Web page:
Stirling Moss Scrapbook 1955 - Contest Give-Away
Highlights

Announcing Limited Edition of Stirling Moss Scrapbook 1955

At Sir Stirling’s suggestion, Porter Press have reprinted their most popular Scrapbook on the 60th anniversary of his amazing 1955 year which of course included the Mille Miglia win and first GP victory. The first editions are already going up in price; they have limited it to just 900 second edition copies. The first of a series of Stirling Moss scrapbooks which now includes as separate volumes 1926-54, 1956-60, and 1961, the 1955 Scrapbook evokes memories of the heyday of classic motorsport. Stirling Moss is a national treasure. Arguably the world’s greatest all-round racing driver, he was a hero to several generations of schoolboys and enthusiasts throughout the world. Moss is now so iconic his name is often used as a metaphor for “racing driver” – the name alone invokes mental images of speed, bravado, the jet-set lifestyle and a […]

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Classic Cars

New Motoring Classics Magazine

The new Spring 2015 issue of Motoring Classics magazine is out now. If you haven’t been reading Motoring Classics, you owe it to yourself to check it out. This electronic magazine is published four times per year by the good folks at British Motor Heritage. Not only is Motoring Classics a quality publication so well worth reading no matter what, but it is also free. Yes, absolutely free. It is electronic only, but you can read it on your PC, Mac, iPad, Android tablet or most any other device. On the iOS platform there is even a separate custom app to read the magazine. This month’s issue contains articles on competition, manufacturers, and even the business of renting classic cars to the movie and television industry. Looks like renting your car out might be an interesting way of helping to […]

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Classic Cars

British Leyland – From Steam Wagons to Seventies Strife

British Leyland – The History, the Engineering, the People is a book for those of us with a love hate relationship with the ubiquitous British Leyland. During the 1960s vehicle makers all over the world were looking to expand and amalgamate as at the time it was considered the only way they could survive. As a major manufacturing nation Britain at the time had a large number of makers of all kinds of vehicles and gradually many of them joined together to form two large companies. The first of these was the Leyland Motor Corporation which was principally involved with the manufacture of commercial vehicles although they had also recently diversified into cars. The other major concern was British Motor Holdings, owners of some of Britain’s iconic car makes including Austin, Morris, Wolseley and Riley to name but a few. […]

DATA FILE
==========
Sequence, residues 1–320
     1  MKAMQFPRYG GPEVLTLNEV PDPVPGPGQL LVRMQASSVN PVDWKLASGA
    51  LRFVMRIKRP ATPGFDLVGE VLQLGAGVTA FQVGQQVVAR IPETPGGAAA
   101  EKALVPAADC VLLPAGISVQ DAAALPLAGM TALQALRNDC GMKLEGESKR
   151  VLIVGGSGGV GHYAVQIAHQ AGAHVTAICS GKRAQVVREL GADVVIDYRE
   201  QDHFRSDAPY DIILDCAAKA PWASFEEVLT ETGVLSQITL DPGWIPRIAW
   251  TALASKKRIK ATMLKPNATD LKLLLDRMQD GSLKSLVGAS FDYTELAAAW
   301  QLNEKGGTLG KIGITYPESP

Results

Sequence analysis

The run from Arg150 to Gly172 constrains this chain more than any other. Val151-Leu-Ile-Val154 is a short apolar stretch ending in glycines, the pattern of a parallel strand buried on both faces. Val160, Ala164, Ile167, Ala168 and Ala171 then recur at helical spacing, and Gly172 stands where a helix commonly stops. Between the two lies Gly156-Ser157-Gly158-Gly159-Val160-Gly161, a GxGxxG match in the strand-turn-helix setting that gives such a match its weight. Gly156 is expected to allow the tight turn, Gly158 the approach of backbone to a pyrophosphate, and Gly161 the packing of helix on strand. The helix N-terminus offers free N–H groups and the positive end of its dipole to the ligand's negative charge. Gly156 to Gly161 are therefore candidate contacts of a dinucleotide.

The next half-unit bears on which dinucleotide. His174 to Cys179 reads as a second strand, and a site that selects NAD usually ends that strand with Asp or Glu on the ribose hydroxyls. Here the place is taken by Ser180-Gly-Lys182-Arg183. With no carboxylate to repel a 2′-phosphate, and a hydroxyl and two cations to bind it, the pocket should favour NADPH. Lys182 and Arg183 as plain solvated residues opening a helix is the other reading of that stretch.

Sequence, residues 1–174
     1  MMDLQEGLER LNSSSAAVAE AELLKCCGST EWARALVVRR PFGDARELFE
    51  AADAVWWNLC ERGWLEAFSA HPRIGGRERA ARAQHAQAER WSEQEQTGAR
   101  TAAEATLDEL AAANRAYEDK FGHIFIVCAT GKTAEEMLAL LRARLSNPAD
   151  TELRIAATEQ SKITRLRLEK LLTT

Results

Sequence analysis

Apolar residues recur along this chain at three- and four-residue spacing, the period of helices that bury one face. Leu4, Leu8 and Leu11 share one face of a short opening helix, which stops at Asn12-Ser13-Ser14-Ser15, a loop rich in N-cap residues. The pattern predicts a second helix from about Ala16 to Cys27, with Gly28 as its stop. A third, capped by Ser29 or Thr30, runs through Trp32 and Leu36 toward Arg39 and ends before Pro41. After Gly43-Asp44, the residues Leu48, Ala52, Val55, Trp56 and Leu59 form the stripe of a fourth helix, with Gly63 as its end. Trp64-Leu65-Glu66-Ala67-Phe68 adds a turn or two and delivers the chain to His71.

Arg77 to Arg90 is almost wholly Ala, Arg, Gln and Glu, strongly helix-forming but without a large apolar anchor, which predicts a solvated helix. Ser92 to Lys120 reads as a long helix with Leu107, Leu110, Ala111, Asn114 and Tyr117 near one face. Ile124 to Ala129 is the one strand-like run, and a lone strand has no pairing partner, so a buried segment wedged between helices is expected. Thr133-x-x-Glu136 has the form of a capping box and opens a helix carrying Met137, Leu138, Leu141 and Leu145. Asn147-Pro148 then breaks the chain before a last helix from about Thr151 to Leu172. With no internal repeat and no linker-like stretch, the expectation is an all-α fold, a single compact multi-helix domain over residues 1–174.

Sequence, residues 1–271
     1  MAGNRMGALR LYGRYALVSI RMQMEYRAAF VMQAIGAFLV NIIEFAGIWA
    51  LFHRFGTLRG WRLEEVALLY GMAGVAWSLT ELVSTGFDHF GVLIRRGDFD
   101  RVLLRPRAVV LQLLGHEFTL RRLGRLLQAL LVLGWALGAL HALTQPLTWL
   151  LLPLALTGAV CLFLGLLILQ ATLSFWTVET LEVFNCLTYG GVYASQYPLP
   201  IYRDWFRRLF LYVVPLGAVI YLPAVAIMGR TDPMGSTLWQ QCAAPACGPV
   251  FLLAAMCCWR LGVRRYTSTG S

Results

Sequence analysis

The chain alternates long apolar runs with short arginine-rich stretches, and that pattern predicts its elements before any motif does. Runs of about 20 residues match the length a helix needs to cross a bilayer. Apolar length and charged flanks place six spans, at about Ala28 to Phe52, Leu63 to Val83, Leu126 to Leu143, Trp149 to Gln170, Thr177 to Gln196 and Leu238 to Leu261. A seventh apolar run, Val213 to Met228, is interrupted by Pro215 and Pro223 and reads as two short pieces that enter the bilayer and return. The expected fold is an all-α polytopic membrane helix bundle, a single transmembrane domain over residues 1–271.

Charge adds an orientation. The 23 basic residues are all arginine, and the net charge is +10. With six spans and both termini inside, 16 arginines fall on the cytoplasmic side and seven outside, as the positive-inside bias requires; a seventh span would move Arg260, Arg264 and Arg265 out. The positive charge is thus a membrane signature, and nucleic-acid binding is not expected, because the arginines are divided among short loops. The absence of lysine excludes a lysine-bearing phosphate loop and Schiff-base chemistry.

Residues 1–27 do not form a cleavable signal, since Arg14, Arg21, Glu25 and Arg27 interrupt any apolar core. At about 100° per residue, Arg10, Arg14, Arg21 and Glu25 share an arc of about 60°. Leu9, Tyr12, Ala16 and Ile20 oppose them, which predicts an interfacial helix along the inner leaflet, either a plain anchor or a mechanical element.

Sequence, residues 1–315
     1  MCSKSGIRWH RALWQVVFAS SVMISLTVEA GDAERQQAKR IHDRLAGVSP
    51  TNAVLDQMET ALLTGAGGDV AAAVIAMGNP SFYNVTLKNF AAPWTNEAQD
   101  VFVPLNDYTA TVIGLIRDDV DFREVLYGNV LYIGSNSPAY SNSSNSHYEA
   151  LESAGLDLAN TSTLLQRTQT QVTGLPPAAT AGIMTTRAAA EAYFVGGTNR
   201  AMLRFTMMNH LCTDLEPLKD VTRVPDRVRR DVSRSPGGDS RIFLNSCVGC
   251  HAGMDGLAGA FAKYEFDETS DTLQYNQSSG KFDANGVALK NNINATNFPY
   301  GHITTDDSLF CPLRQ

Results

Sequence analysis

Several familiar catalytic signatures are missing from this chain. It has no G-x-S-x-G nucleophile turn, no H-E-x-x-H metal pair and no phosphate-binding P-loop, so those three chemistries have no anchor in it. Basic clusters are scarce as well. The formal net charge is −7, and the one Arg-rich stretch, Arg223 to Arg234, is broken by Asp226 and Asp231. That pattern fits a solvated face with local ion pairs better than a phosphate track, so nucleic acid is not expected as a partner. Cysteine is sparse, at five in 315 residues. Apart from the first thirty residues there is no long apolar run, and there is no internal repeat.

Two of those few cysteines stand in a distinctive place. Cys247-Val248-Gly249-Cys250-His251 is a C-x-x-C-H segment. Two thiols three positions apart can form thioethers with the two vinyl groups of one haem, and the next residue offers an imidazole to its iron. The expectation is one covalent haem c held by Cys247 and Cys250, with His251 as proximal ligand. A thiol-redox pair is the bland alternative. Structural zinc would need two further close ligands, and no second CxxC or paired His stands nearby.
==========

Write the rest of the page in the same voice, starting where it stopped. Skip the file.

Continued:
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Highlights

British Sports Cars

The spirit of the British sports car tradition is reflected in the aesthetics of Schlegelmilch’s photography and in Lehbrink’s knowledgeable text in British Sports Cars. I am not sure whether to classify this book as a coffee table book because of the beautiful photography or a reference book due to the exhaustive cataloging of the cars and their features. Whichever way you go though, the works is both fascinating and of very hight quality. Without reading a word, I can sit and stare at the imagery for ages. Of the authors, this is said, “There is a persistent rumour that Rainer Schlegelmilch’s birth was initiated on the back seat of a Mercedes Benz 170V. Whether or not this is the source of his ongoing affinity to anything that has four wheels, his fascination with cars is vividly expressed in his […]

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Highlights

Art Deco and British Car Design

You may think of the French as producing the most strikingly streamlined cars of the 1930s, in lyric teardrop bodies hammered out with doses of Italian style and German science. But in his book “Art Deco and British Car Design: The Airline Cars of the 1930s“, Barrie Down reminds us that streamline design was the rage among car buffs everywhere in the ’30s, even in upright, country-house, Evelyn Waugh Britain. Mr. Down reminds us that at the same time streamline cars were going on the market, ocean liners and trains were being streamlined, the better to compete with the nascent airline industry. His book also reminds us that the automobile industry of the time in Britain had yet to embrace mass production. Cars were sold to the few, and the sellers were coachbuilders as much as chassis or engine makers. […]

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Classic Cars

MG Sedans Had A Sporty Charm

There is an excellent article over on Driving.Ca by Bill Vance about some of our favorite cars, the MG sedans of the 50s and 60s. As the article says, “The MG name is inextricably associated with the sporty, two-passenger British roadster, a car that laid the foundation for the North American sports car movement following the Second World War. What is less well known is that MG also made some interesting sedans before the war — including the 1937-1939 2.3-litre SA — and after. The post-war sedans were imported to North America.” Often these were badge engineered with other marks such as Morris, Austin, and Wolseley. From those early SAs all the way up through the MG 1100s and 1300s, these sedans while not well known in the US had a great following at home in the UK. Please head […]